(Bloomberg View) -- Europe’s economic malaise has a lot to do with its crippled banking system. Making that system more fragile seems like the wrong way to address the issue.
With the European Central Bank taking interest rates deeper into negative territory and the euro-area economy languishing, investors have become more concerned about the future profitability -- and perhaps the viability -- of the region’s banks. As a result, regulators are coming under pressure to ease capital requirements, on the grounds that this will help banks start making money and lending again.
Such logic perpetuates a misunderstanding of what bank capital is -- a point that Hyun Song Shin, head of research at the Bank for International Settlements, made eloquently in a speech last week. In its purest form, capital is equity financing, money from shareholders that banks can lend. Unlike debt, it has the advantage of automatically absorbing losses in bad times. When banks have more of it, they can borrow on better terms, and are more capable of taking the kinds of risks that make the economy dynamic. As Shin and a colleague demonstrate in a new paper, higher capital levels are strongly associated with higher lending volumes, and could make the ECB’s stimulus efforts more effective.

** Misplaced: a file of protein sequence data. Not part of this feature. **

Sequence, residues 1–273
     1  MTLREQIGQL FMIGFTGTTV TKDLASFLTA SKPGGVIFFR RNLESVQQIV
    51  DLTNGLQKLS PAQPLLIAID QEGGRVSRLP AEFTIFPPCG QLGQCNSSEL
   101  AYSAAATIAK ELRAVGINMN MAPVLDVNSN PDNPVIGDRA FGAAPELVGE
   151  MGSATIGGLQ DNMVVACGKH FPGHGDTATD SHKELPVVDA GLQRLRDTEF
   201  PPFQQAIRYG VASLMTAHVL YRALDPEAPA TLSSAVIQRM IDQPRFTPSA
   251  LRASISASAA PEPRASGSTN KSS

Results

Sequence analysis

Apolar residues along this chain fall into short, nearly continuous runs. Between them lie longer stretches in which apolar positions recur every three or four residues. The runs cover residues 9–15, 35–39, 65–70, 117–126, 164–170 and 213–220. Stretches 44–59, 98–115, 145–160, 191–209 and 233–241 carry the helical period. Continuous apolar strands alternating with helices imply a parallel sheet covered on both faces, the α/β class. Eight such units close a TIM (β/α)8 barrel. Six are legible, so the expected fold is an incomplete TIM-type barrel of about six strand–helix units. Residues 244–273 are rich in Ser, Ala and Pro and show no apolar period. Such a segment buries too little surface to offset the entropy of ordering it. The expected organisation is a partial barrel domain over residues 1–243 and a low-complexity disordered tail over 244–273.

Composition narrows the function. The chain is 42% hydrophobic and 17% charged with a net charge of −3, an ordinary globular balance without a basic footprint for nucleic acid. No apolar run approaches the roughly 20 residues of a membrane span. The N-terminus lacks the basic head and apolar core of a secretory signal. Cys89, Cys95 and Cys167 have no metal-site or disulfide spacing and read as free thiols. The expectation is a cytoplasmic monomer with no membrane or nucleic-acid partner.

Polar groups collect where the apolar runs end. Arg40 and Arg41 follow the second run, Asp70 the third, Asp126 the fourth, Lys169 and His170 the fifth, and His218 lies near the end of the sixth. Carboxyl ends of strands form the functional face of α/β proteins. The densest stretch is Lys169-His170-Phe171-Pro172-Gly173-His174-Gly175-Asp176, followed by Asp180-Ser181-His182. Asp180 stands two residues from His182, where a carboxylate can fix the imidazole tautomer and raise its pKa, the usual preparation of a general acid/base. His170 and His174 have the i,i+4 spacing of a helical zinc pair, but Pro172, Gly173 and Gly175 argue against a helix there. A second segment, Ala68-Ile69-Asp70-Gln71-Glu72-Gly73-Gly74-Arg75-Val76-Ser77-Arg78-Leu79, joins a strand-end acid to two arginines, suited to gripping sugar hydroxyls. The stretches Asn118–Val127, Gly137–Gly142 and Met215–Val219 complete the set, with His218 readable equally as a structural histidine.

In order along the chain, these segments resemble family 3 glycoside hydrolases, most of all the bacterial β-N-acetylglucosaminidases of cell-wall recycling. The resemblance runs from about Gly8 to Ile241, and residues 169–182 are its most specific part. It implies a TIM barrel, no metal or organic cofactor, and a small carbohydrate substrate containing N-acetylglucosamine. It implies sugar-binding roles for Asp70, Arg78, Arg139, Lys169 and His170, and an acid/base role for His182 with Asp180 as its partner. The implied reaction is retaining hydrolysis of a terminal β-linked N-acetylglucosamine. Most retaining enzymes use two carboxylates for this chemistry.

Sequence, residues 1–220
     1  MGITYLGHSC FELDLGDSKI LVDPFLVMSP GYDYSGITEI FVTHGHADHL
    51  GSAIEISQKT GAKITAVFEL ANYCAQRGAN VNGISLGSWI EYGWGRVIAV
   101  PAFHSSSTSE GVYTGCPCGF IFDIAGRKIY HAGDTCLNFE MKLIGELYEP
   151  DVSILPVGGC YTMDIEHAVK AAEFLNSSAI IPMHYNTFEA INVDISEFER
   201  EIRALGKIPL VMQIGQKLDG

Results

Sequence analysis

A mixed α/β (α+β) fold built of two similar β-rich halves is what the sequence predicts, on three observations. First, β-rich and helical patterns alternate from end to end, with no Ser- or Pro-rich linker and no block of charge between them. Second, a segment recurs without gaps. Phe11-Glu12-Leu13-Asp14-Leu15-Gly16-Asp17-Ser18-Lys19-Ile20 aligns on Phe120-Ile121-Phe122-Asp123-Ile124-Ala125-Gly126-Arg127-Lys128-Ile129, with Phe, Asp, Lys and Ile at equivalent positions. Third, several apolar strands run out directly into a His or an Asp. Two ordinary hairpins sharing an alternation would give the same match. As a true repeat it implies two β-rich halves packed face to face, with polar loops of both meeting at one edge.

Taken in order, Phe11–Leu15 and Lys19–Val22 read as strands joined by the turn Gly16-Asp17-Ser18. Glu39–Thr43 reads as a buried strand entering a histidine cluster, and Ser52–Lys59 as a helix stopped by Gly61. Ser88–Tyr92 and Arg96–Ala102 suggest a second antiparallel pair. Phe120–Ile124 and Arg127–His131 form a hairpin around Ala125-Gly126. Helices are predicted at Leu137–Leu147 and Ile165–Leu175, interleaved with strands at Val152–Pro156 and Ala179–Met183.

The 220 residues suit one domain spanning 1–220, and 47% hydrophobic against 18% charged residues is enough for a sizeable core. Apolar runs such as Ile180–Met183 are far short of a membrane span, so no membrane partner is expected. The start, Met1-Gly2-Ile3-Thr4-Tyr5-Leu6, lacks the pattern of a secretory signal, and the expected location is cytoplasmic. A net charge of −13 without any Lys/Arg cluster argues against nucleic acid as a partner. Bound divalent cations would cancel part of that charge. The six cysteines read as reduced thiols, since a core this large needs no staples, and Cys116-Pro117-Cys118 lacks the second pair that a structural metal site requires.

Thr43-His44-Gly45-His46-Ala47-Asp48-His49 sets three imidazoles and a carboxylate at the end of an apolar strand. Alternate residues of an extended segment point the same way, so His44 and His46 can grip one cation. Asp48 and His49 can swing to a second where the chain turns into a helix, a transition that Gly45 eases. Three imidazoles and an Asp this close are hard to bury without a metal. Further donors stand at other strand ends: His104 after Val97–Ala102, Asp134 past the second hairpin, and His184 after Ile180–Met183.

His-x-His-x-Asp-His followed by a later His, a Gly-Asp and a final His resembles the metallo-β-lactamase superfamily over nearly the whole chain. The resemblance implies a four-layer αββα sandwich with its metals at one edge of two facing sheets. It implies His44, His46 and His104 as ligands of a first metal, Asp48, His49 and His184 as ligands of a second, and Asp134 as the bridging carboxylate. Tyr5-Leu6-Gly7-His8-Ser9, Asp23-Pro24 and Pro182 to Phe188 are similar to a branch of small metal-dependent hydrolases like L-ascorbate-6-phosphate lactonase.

So it’s puzzling that euro-area regulators haven’t done more to increase capital levels. As of mid-2015, the aggregate equity at the nine largest euro-area banks amounted to less than 4 percent of assets, about two percentage points short of the already-low levels at the largest U.S. and U.K. banks. Instead of requiring banks to retain equity, regulators have allowed them to pay out billions of euros to shareholders in the form of dividends. Here’s a chart (inspired by one in Shin’s speech) showing the cumulative payouts at banks in the Euro Stoxx Banks Index since the global financial crisis started in 2007:
Banks have paid out more than 100 billion euros to investors in this period. Had they returned less money, they would have more scope for lending and taking risks. Relaxing capital requirements to help them survive in a weak economy is backward thinking. Regulators should instead require them to operate with more equity capital, so they can help the economy grow.
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